Now Aldi is considering Brexit stockpiling, boss admits
- Credit: copyright ARCHANT 2017
Aldi is one of the first supermarkets to announce it is considering stockpiling food as part of its preparations for Brexit.
The discount grocer's chief executive Giles Hurley, however, added that Aldi's increased fresh food range would make this more difficult.
'While I think storage of additional stock is worth considering, based on storage and shelf life that would be very challenging,' he said.
Brexit secretary Dominic Raab said in July that the government is making plans to secure food supply in the event of a no-deal Brexit.
But he said it was 'wrong to describe it as the government doing the stockpiling', indicating that industry would need to take the lead.
You may also want to watch:
Speaking as Aldi unveiled its annual results, Mr Hurley said the grocer does not yet have a 'detailed' Brexit plan due to lack of clarity on the deal.
But he said Aldi is in discussions with suppliers, and is also 'actively looking to source even more products from Britain'. The business already sources around 77% of its products from the UK.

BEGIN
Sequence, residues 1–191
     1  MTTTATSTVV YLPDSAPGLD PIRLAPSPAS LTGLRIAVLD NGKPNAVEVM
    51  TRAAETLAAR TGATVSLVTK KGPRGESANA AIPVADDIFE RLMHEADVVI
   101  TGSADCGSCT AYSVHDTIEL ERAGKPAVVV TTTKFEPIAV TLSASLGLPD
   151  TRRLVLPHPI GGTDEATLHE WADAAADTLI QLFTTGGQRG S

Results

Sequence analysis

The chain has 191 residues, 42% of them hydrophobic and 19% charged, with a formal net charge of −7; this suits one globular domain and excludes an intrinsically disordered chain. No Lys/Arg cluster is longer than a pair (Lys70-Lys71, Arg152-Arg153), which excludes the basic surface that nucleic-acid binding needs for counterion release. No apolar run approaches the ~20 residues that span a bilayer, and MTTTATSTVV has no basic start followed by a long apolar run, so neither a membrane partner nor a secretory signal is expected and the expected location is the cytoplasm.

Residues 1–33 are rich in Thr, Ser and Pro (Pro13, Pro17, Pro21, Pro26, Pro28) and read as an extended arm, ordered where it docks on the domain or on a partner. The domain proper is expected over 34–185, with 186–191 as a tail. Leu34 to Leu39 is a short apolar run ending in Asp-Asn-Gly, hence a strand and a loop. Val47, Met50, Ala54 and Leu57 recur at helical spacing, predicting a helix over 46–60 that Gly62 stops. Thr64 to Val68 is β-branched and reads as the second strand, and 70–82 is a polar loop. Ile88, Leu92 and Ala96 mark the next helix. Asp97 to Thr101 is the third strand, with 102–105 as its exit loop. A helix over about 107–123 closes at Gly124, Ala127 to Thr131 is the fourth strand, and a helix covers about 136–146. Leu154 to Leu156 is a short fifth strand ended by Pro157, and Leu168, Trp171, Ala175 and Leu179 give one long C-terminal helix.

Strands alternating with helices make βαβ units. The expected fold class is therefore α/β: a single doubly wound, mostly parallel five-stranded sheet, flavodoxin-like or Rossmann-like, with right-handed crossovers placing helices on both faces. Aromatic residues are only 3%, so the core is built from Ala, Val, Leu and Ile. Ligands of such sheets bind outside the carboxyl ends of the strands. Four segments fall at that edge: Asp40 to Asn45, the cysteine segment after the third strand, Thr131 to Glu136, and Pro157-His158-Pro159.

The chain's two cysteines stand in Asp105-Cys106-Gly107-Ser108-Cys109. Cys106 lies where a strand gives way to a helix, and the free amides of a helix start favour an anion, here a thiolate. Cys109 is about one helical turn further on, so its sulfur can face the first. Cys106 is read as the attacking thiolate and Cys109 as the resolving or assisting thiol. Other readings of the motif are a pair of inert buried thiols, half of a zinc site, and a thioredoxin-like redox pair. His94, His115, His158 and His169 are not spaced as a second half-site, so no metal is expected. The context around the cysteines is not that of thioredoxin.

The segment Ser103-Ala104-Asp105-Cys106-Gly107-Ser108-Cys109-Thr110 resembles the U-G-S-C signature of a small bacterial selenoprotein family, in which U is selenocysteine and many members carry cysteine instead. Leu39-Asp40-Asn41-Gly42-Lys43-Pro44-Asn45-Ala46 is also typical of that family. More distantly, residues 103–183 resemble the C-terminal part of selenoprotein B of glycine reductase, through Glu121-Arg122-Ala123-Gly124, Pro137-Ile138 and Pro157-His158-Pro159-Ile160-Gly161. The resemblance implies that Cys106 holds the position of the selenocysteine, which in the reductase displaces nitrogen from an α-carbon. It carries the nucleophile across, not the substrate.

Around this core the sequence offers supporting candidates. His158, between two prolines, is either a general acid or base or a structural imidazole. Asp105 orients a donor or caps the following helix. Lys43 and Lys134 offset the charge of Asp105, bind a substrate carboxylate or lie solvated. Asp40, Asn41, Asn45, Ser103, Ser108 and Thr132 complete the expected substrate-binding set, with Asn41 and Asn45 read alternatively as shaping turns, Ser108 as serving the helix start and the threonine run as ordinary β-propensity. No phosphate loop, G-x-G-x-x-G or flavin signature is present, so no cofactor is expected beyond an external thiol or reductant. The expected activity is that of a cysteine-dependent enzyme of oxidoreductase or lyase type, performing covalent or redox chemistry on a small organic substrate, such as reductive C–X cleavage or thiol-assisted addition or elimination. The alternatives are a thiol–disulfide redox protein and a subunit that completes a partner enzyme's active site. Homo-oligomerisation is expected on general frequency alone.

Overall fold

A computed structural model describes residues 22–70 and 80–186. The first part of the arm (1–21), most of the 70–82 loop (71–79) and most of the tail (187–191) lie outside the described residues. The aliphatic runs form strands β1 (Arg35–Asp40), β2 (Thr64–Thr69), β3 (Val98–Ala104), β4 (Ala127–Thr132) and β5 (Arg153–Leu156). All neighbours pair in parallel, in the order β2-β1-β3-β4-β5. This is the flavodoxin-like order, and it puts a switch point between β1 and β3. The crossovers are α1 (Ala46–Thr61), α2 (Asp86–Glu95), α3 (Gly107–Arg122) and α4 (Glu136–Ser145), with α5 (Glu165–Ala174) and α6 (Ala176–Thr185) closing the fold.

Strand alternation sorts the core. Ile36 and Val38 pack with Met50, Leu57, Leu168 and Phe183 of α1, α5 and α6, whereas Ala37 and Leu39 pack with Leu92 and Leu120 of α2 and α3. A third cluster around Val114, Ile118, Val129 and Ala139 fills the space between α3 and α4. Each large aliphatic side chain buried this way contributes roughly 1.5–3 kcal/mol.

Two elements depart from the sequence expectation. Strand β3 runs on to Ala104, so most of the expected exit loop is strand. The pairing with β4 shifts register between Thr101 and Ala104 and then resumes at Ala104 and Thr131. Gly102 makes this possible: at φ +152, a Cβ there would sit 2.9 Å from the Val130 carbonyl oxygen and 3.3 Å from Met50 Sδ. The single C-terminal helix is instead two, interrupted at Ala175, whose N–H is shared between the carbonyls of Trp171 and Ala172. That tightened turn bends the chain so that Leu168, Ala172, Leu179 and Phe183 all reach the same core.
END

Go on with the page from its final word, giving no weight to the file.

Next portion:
- 1 These are the 322 Tory MPs who voted against extending free school meals to children
- 2 German MEP tells Boris Johnson he 'owes' Britons a Brexit deal as she urged a return to EU trade talks
- 3 Betty Boothroyd delivers scathing assessment of Boris Johnson's government
- 4 Fool's gold? Nigel Farage wants you to invest your trust in his financial advice service
- 5 The deep roots of Dominic Cummings' personal antipathy to the BBC
- 6 Who's on the BBC's Question Time tonight?
- 7 Tory MP who voted against her own party to support free school meals motion quits government in protest
- 8 'Shameful' Tory minister defends government memo attacking Marcus Rashford's free school meals call
- 9 At the upcoming US election, Donald Trump really is toast
- 10 Boris Johnson 'plans to resign' in six months because he can't live on £150k salary
'We have plenty of experience trading in federal markets, whether that's the US, Australia or even Switzerland,' he said. 'I think that helps.'
Mr Hurley also played down fears that a shortage of EU workers could hit UK businesses.
'We're very confident because we have market-leading pay rates that if there were any problems we'd be fairly insulated from that,' he said.
Become a Supporter
The New European is proud of its journalism and we hope you are proud of it too. We believe our voice is important - both in representing the pro-EU perspective and also to help rebalance the right wing extremes of much of the UK national press. If you value what we are doing, you can help us by making a contribution to the cost of our journalism.